8. Chinese companies seem to be a different breed where financial statements cannot always be trusted. As outside investors, the primary evidence is financial statements of the company and competitors.  We look for additional evidence from independent sources to corroborate financial statements but it is not always there.  If financial statements cannot be trusted, you cannot invest.  Given the risk, we will be requiring additional evidence with Chinese companies and holding them at lower weights.

Peak Sport Products Position Size May 7, 2016

Peak Sport Products Position Size May 7, 2016

 

We have decreased our position size in Peak Sport products by just under USD2.9 million slightly below our intended target of USD3.0 million at an average price of HKD1.92. Peak Sport is now a 2.0% cost position.

Peak Sport and Universal Health Position Sizes May 3 2016

Peak Sport Products and Universal Health Position Sizes May 3 2016

We have reduced our position in Peak Sport Products by USD4.64 million slightly above our target sales of USD4.5 million at an average sale of HKD2.1098 or inital blended cost on Peak Sport positions is HKD2.0826 so we are able to reduce our positions without a loss.   We are reducing our position size by a further USD3.0 million.  The company reported weaker than expected operational data in China, and after the Miko International fiasco, the share issuance in June 2015 with a significant amount of net cash on the balance sheet raises concerns about the cash.  Given we view Peak Sport as a deep value position, a 2.0% position size is a more appropriate given the concerns over management credibility and slowing growth.

 

Universal Health is another Hong Kong listed Chinese company that we described as Company 9/18/15 in the past. This is another deep value holding where we put too much faith in financial statements.  Management pledged shares without notifying the stock exchange and subsequently were forced sellers causing the share price to fall by just under 60% on one day. The company also sold 20% of the company to a financial buyer who subsequently sold almost half its position the following.  It seems as if the shares were pledged to the financial buyer who promptly sold the shares. The company followed this by reporting poor 2015 results.  Loss aversion stopped us from selling earlier.  It probably is the culprit in why we held Miko as long as we did.  We are decreasing our position size in Universal Health by USD2.0 million to roughly a 2.0% position size.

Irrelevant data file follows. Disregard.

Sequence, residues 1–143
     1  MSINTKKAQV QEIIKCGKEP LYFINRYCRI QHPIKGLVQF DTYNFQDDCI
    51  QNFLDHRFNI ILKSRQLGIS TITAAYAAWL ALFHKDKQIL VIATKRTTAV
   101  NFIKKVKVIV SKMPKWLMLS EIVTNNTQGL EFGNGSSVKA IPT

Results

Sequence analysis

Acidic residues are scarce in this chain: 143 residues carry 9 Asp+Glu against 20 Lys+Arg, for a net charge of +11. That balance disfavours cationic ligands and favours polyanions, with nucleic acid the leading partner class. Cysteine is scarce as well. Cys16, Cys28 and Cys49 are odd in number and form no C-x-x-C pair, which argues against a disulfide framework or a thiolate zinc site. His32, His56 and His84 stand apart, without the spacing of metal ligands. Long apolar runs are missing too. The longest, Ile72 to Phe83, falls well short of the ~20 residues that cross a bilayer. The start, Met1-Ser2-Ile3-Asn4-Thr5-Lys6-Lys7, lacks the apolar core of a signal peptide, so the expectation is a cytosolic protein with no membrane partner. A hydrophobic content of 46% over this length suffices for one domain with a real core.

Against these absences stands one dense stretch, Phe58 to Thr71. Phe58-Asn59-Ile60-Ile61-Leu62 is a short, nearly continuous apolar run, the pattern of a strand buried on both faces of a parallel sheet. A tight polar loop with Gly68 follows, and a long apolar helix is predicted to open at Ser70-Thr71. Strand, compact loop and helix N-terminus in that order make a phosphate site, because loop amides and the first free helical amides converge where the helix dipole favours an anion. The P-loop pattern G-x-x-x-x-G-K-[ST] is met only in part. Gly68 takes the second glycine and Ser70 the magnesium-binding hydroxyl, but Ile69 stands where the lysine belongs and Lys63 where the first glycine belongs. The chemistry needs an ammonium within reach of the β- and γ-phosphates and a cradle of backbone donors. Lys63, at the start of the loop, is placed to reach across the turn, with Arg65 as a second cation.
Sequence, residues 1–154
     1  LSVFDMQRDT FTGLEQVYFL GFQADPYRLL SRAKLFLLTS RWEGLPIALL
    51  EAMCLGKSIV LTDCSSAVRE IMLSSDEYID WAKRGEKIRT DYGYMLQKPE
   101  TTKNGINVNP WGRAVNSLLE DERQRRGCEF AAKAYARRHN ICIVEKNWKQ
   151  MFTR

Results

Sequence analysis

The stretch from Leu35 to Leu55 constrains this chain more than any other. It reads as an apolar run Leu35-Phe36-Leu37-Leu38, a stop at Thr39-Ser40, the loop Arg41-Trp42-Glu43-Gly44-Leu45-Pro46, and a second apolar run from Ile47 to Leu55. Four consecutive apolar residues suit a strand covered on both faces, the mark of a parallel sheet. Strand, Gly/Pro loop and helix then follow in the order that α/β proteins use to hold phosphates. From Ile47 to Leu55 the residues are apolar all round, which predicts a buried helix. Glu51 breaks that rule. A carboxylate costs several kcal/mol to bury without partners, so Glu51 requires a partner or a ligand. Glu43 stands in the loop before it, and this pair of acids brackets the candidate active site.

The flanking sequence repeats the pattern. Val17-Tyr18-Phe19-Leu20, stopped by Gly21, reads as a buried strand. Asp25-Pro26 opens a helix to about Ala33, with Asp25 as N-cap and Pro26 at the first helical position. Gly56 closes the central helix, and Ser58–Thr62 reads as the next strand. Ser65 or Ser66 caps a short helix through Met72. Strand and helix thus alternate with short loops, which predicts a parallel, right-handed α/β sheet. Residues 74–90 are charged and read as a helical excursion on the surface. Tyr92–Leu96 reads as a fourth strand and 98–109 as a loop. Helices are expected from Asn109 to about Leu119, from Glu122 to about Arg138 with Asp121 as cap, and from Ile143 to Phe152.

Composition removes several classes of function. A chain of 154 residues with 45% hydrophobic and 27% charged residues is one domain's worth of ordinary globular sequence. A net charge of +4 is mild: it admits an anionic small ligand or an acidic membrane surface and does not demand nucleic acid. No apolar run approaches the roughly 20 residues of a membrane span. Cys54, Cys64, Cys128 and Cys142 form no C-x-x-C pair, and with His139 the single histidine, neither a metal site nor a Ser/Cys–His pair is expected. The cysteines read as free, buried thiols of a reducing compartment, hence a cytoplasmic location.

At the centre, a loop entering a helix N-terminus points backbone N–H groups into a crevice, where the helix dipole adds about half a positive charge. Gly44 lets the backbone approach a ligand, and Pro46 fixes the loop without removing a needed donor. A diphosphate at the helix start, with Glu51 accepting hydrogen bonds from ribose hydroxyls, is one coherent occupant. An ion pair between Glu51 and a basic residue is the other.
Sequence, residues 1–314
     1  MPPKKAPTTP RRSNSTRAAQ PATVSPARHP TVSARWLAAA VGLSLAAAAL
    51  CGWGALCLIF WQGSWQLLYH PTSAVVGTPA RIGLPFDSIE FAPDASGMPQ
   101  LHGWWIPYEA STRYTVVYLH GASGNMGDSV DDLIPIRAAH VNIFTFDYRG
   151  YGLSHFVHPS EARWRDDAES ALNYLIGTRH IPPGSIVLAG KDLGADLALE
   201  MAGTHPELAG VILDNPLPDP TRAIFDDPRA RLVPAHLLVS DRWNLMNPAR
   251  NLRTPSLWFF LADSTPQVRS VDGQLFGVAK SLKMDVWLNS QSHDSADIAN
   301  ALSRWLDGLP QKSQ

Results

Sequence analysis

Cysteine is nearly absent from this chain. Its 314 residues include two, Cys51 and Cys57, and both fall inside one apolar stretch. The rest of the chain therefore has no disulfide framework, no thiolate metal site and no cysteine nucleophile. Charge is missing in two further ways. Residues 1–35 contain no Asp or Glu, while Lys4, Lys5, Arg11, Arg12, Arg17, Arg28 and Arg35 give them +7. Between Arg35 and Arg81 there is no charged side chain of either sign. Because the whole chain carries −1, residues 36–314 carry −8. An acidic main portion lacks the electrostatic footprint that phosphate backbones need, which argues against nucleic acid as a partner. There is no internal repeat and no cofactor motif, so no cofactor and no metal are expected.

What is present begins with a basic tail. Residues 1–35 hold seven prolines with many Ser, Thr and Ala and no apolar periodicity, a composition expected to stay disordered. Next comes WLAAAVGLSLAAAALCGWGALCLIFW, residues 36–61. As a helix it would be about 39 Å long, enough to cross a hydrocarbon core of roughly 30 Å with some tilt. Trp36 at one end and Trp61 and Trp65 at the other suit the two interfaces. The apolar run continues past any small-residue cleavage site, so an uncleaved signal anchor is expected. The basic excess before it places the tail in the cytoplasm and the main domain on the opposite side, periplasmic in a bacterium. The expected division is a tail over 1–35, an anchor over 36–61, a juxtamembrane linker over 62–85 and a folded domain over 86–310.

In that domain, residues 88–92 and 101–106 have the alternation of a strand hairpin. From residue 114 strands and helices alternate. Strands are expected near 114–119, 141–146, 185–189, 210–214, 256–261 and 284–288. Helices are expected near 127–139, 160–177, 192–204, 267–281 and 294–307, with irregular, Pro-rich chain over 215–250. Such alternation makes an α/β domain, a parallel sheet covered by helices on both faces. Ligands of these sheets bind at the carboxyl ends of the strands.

ACE Hardware Indonesia April 19, 2016

 

ACE Hardware Indonesia (ACES:JKT)                     April 19, 2016

ACE Hardware Indonesia April 19 2016

 

 

Investment Thesis

 

ACE Hardware Indonesia (ACES) is the leading home improvement and lifestyle products retailer in Indonesia under the ACE Hardware brand. The company is also a leading toy retailer in Indonesia under the Toys Kingdom brand.  The company’s stellar profitability and growth attracted us to the company. Unfortunately, the company’s poor corporate governance and lack of concern for minority shareholders eliminates ACES as a potential investment.

 

 

Key Statistics

Key Stats April 19 2016

 

 

 

Company Description

 

ACE Hardware Indonesia (ACES) is Indonesia’s leading home improvement and lifestyle retailer and a leading toy retail in Indonesia under the Toys Kingdom brand. ACES was established in 1995 as a subsidiary company of PT. Kawan Lama Sejahtera. ACES is the master franchise/license holder of ACE Hardware brand in the country.